As a professional golfer we are always trying to ﬁnd any positive we can to help us on our way to our next big result. But, of course, staying positive and optimistic can be a challenge for everyone.
In these unchartered waters, in the midst of a world that has collided with Covid19, it can almost seem churlish to worry about the state of the game that I love, but when you have been knocked down there is only one thing to do – get back up on your feet and start back on the journey you were once on.
The game of golf in general could well come through this nightmare in better shape than many other sports. It’s a game that lends itself to social distancing, played outside, with all manner of health beneﬁts embedded into it. So, it seems to me that it stands a better chance than most sports to bounce back.
The professional game has managed to get itself up and running once again in America – but not without some challenges of course, and by the time you are reading this, with a little luck the European Tour will have embarked on its ﬁrst tentative steps with two tournaments in Austria before we attempt to play a six-week swing in the UK.
Life will feel different on Tour for some time to come. Social distancing, a tournament bubble that is as strict as can be, no crowds, and no dining out, too. All small sacriﬁces that are necessary to get the Tour up and running again in as safe a way as possible – both for the 500 or so people that will be on site but, more importantly, for the communities we enter into. Still, with a little luck, and with everyone playing their own part, we may just get to ﬁnish the 2020 Race To Dubai, albeit with numerous revisions along the way.
Fortunately, the vision is strong, and we can work our way through a safe and sensible schedule that will lead the Tour’s top players to Jumeirah Golf Estates and bring to a close a year unlike any other. For those players who make it to the season-ending ﬁnale a glorious welcome, as ever, awaits.
@TheSergioGarcia My boy Freddie with your dad Victor, getting tips from the best at club de golf de mediterraneo this morning, that was a sweet morning, great hospitality as always 👏👏💪⛳️ pic.twitter.com/6yWTdvvFyw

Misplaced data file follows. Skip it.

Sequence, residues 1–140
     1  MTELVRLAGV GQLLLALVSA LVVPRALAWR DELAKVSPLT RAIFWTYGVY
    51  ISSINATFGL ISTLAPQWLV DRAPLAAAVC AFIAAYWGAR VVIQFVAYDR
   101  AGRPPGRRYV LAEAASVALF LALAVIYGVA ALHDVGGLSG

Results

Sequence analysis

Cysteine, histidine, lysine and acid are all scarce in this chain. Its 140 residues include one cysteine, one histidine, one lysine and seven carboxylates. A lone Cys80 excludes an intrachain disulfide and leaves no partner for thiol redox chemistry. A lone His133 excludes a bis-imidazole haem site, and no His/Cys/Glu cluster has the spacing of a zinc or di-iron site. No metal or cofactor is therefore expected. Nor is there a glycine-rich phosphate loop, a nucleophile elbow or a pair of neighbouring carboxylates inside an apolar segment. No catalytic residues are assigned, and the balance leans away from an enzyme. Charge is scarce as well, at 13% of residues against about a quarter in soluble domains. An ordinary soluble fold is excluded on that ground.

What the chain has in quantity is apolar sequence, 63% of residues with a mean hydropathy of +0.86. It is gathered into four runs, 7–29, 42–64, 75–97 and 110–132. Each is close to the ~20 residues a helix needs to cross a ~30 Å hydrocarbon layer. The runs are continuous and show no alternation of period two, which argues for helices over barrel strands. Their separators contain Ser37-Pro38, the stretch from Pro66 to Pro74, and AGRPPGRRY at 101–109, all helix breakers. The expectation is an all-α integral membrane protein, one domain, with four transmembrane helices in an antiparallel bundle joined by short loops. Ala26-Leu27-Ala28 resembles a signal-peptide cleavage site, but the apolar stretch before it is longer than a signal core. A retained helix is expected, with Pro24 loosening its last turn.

— David howell (@davidhowell530) July 9, 2020
The DP World Tour Championship has, in very little time, become a tournament that seems to always offer up excitement right to the very end. The roster of champions is already a roll of honour for some of the Tour’s ﬁnest players, and where better to be able to celebrate than in one of the Emirate’s ﬁnest entertainment establishments.
All sports go through cycles and since I have been on the Tour, it’s been a quarter of a century in which Dubai has formed a strong bond with the European Tour, culminating with DP World upping the stakes again to welcome the season’s ﬁnest performers to do battle over the magniﬁcent Earth Course. We are living in a new world right now, but wouldn’t it be nice if the Dubai golf fans were to be allowed to come out and enjoy themselves as they usually do so well. Normality is the prize that communities across the globe are craving at the moment, and a packed-out hospitality pavilion to the left of the island green on the 17th would be a great symbol that things have taken a turn for the better.
What better way is there to end the season than to take that walk up the 18th fairway and soak in the applause from the hospitality units that hug the left-hand side of the lay-up area. Any player who gets to enjoy that walk has, at the very least, had a positive year and for many it will have meant a season-long goal had been achieved.
I haven’t managed to tee it up in the DP World Tour Championship often enough in recent years and it’s a huge disappointment to miss out on such an exciting, iconic tournament. Jealousy is a mean emotion but it’s safe to say I have always felt that way when I have to watch the action from afar. If you play on the European Tour, it’s always the place you want to be, no doubt about it.
It has been a pleasure to watch the development grow from the dark days of the ﬁnancial crash to a booming thriving community. Jumeirah Golf Estates was a grand vision, and to see it mature into the magniﬁcent venue that was envisaged is hugely heartening, and it’s a reminder that, in time, we can and will get through this challenging period.
As I write this column, I envisage walking off that 18th green, with the fabulous clubhouse starting to cast its shadow and a smiling gathering of colleagues awaiting a well-earned refreshment or two. If that doesn’t happen – and all I can do is witness a colleague doing it on TV – then I vow not to be jealous this year, just thankful that everything in the world is heading in the right direction and normality is starting to come our way once again.
One thing that hasn’t been normal for any touring professional golfer is a prolonged period of time at home, and whilst Bryson Dechambeau seems to have been lifting and eating and then more lifting and more eating, I have been gaining a new-found respect for all the school teachers around the world. Golf is a tough and frustrating game – I’ve learned that home schooling is both of those things and more. I am intrigued to ﬁnd out whether my levels of patience have been enhanced or depleted. I hope it’s the former, but I have a niggling feeling that it may turn out to be the latter.